DIY Antique Window Photo Frame

zMG_2864.croppedI am in love with this old window turned photo display! There’s so much charm that goes into this piece – I just love it. I have an old mirror window frame in my living room, and wanted another similar window to hang in the hallway just off the living room. I’ll share my tutorial here.

I have six beautiful nieces and nephews, and wanted to display a photo of each of them in a 6-pane window. First order of business was to find an old window with the following criteria: no broken or missing glass, panes at least 8″ x 10″, no dry rot wood, original hardware, and a price tag of $10 or less.

My husband gets the gold star for finding the Holy Grail of old window panes…. at an Antique Shop right near our church in Denver, PA. There are a ton of antique shops in Lancaster and we were just killing time one Sunday morning while the boys were in Sunday School. We just finished browsing through the inside of one shop, walked outside, and mixed in between rusted tin signs and old patio furniture was a wall of old window frames! Exactly what I was looking for…. and there was even variety. I picked the one which met all my requirements… and was only $7. SCORE!


The one I bought measured 32″ x 24″ and had layer upon layer of paint on the front. The same day I made my purchase I got to work cleaning it up in the garage.


The back of the window frame is pictured below. I used a straight razor and paint scraper to get all the paint off the glass panes, and also remove the old putty which was used to seal the wood/glass joint. I was going to remove all of the glass, but they were held in pretty well with small metal push points. I left the glass in and just worked around it. I didn’t really care too much about the back of the frame (it was painted tan), but was more concerned with having a nice clean glass to work with, on both sides.


Below, the back of the window frame all cleaned up.


The frame also had a nice heavy metal piece that I kept attached and used as a built-in mounting bracket for the wall.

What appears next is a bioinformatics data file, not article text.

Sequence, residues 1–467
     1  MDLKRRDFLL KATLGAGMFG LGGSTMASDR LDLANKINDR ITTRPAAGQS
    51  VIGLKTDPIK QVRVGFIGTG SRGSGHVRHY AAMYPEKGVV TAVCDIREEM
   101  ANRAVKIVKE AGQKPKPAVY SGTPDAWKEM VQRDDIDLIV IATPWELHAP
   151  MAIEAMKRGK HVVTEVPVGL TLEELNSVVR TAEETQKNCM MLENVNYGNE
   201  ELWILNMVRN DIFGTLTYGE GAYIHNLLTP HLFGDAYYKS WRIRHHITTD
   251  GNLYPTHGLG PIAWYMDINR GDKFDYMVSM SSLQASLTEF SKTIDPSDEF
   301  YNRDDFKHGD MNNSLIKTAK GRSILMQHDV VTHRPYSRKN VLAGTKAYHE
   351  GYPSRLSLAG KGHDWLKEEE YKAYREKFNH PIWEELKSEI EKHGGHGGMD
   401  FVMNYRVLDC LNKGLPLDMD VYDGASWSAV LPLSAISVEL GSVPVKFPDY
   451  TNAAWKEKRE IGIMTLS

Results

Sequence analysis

The front side, below, was in similar shape and needed lots of scraping on the glass panes. I again used a razor and carefully scraped off any paint that was still remaining on the glass.


Then came the sanding! I didn’t want to sand all the way down to the bare wood (or strip the paint with chemicals) because I love the layers and wanted to keep some of that history with the frame. I just sanded enough to get the peeling paint nice and smooth, and remove any rough surfaces.


All sanded and ready for a fresh coat of paint!


Here you can see the layers of paint…. tan, yellow, blue, white. I forgot to mention this window also had the rope and pulley cords (sash cords) with counter weights. The cording rope is still visible on the sides of the window. I wish I knew where this window lived a hundred (or two) years ago!



Once I had the wood and glass cleaned up, I taped off the hardware and glass to prep for painting.


I could have brush painted, but spray paint is so much quicker and I already had a can of Rustoleum Semi-Gloss in white. This paint dries quickly and has a nice even finish.

Below, the window with a fresh new coat of paint! I could have stopped here and assembled the photos, but I wanted to re-distress, and also paint the hardware an oil-rubbed bronze color to match accents in the rest of our home. The original hardware was brass.



I sanded and chipped away at the edges and previous rubbing points to achieve the distressed look I was after.

Then, to darken the exposed wood underneath, I lightly stained those areas with Minwax Wood Finish (dab with a cloth, then rub off right away). I didn’t really care about the color too much, the can we had in the house happened to be Early American. It really made the contrast pop and showed off the gorgeous wood under all that paint.


WSP31And, last but not least….. I taped off and sprayed the hardware with Rustoleum Metallic Paint in Oil Rubbed Bronze. Another staple of our basement shop!

Once my window frame was ready, it was time to put the photos behind the glass panes. I could have filled the panes with an 8″ x 10″ photo, but I wanted to add some color, and frame out each photo with scrapbook paper.


The prints themselves are 5″ x 7″ and I ordered them with a small white border as an option. I didn’t have to cut them down, they fit great right on top of the scrapbook paper and centered behind the window panes!

I love the way this turned out and all the little details of this photo display!
Now I get to look at my cute family each and every morning as I walk out of the bedroom!
zMG_2864zMG_2844 copy

5 thoughts on “DIY Antique Window Photo Frame

    • What did you adhere the paper to the windows? The double stick tape as well? I’m dying to try this and want to make sure I get the necessary supplies up front. Thanks!

    • Thanks! The photos are attached to the scrapbook paper. Nothing is actually taped or adhered directly to the window pane. It’s just pressed up against the glass, and then I took cardboard (cut to the size of the pane) and taped with painters tape to the window wood. The back does not look pretty but it’s against the wall so no one will ever see it!

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